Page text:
Monthly Archives: January 2012

Full S.T.E.A.M. Ahead — Making Nonfiction Fun!

I have a confession.  I am a science geek. As a kid, instead of playing tag or football, I  was in my garage with the members of my science club. My friends and I spent our days identifying plant species, collecting rocks, and even looking for microscopic animals in drops of river water. While that may not sound strange, the following probably does:  the most prized possession of our club was the skull of a dead cow. It sat in a special box on top of the milk crate containing our rocks. It was awesome! Unfortunately, when we moved, my mom wouldn’t let me keep it. (Can’t imagine why…)

So what’s the point of telling you this? For us, science was something to be explored, to learn about, and most importantly a way to have FUN!

 

Unfortunately, many of us see science as dull and boring, something that you read from an out-dated text book.  Come on, how many of you didn’t like science in school? Raise your hand.

Did a lot of hands go up?  That’s too bad, because science ROCKS!  (No pun intended)

As a middle-school science teacher, I try to impress on my students that science is all around us., we just need to be aware of it. Consider this: When you go for a walk at night, why are there frogs all over the sidewalk? Or why you can see planets among the stars during certain times of the year?  Why do dogs bark? How do magnets stick together?


Answers to these questions and many more can be found in a nonfiction book. Gone are the days of boring texts that contain page after page of ho-hum concepts. Today’s nonfiction is full of information that is presented with unique ideas in a fascinating and electrifying way.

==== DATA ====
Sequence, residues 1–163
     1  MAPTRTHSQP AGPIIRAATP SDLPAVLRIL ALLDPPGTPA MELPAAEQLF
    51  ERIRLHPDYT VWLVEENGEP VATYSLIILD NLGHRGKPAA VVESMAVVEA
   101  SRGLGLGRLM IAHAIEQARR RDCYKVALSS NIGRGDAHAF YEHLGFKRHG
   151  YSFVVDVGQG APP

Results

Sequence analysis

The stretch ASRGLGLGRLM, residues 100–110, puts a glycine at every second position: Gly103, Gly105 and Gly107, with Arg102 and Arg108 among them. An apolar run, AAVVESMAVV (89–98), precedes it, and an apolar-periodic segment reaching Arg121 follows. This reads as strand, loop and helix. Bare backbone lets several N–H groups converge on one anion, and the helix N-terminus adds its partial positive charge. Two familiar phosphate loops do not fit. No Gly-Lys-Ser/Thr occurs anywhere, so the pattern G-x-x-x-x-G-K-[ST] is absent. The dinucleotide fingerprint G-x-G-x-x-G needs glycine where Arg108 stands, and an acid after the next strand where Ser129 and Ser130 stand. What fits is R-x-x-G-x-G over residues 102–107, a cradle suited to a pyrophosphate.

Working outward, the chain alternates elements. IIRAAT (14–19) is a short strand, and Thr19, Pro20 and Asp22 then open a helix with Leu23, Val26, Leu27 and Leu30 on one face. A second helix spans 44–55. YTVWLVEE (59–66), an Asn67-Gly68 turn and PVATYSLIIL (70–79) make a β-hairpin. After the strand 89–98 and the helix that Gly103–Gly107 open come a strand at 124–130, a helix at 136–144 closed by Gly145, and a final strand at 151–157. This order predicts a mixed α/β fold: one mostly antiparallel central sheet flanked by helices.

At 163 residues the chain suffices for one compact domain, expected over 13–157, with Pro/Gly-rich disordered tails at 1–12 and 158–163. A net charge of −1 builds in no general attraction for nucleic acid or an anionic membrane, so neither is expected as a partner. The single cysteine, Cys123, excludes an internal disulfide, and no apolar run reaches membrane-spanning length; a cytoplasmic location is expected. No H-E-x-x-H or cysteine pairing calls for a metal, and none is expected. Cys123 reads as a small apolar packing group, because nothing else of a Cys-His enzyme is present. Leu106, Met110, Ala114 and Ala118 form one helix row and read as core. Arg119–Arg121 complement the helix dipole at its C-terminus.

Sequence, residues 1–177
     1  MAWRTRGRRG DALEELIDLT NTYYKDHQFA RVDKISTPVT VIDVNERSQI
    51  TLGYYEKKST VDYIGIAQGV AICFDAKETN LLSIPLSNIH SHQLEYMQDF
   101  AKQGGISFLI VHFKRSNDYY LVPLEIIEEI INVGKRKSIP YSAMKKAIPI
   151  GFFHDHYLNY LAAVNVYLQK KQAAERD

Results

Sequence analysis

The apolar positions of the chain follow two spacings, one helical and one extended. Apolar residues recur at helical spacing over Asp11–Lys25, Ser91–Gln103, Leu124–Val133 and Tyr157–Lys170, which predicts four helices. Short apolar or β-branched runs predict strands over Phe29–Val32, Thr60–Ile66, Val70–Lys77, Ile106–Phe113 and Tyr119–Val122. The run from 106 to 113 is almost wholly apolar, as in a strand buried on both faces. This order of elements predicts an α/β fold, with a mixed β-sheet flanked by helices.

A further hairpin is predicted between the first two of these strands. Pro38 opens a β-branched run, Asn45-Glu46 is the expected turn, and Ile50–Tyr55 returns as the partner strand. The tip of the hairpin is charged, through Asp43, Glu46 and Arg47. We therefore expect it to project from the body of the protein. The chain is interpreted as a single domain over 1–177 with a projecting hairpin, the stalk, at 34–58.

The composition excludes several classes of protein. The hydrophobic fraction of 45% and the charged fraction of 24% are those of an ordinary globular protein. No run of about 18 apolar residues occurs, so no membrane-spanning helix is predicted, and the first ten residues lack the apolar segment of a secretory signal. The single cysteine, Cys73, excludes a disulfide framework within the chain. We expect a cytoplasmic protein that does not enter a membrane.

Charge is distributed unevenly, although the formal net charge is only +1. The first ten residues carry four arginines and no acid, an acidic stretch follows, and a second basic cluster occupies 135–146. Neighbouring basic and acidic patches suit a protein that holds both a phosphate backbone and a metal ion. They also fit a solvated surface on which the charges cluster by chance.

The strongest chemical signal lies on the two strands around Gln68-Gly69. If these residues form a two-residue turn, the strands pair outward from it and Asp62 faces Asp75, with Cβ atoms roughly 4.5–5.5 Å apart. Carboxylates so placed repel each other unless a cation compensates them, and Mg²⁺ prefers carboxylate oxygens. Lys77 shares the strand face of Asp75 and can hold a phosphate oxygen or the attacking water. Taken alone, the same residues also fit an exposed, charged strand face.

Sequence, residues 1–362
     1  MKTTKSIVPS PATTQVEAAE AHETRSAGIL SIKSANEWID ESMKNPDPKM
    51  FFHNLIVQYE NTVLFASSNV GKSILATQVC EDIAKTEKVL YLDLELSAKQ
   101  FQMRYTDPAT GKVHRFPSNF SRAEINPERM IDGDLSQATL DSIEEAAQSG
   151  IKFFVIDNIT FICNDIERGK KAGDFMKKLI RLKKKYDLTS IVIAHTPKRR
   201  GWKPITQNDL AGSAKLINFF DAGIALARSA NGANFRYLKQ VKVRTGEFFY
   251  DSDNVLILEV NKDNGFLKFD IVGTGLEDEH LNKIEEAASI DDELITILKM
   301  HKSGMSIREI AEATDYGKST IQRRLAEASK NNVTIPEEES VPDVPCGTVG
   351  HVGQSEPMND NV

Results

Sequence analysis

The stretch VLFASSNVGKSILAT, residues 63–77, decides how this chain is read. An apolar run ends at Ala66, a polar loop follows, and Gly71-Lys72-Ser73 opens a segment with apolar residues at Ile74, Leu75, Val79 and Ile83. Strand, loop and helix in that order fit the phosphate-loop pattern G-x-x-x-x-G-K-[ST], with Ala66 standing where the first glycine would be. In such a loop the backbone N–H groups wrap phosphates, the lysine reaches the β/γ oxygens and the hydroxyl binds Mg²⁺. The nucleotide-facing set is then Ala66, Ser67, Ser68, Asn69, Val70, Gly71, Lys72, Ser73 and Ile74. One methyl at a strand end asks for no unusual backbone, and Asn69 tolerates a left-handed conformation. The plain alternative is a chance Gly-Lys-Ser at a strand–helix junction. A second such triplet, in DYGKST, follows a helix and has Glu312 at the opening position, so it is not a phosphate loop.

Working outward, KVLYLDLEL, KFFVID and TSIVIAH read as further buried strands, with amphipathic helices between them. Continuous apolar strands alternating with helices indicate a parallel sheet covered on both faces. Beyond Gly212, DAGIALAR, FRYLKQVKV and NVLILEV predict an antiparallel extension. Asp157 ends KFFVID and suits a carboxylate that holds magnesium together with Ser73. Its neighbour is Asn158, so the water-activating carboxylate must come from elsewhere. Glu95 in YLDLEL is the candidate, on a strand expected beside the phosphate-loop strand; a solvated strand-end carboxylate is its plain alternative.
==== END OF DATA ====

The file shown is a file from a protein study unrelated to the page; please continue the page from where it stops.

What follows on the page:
But where do you find these books? Go to your local library. Pull a book off the nonfiction shelf and open it up. It’s probably filled with pictures and exciting words that jump off the page. The goal is to make science come alive for the readers – of any age.

Here are a few more examples:

 

                                    

 

These books are gaining such popularity, that they’ve been given their own catchy term. They are called STEM books (Science, Technology, Engineering, and Mathematics).  The term STEM has been used not only to describe books, but STEM programs that also teach kids about these topics in a fun way. These uniquely interactive programs have sprung up all over the country.

STEM programs aren’t the only way to get your kids involved, however, a lot of STEM books have a “hands on” section with suggestions to try or even mini-experiments they can do. Maybe you want to build a bridge and see how stable it is. Or perhaps you wish to freeze water in a cup and learn how ice, unlike most solids, is actually less dense when it’s frozen. Kids love interacting with STEM topics. Some student even learn better when they can see what’s going on, instead of just reading about it. It allows them to get into the middle of science and figure it out. Science is not a spectator sport!!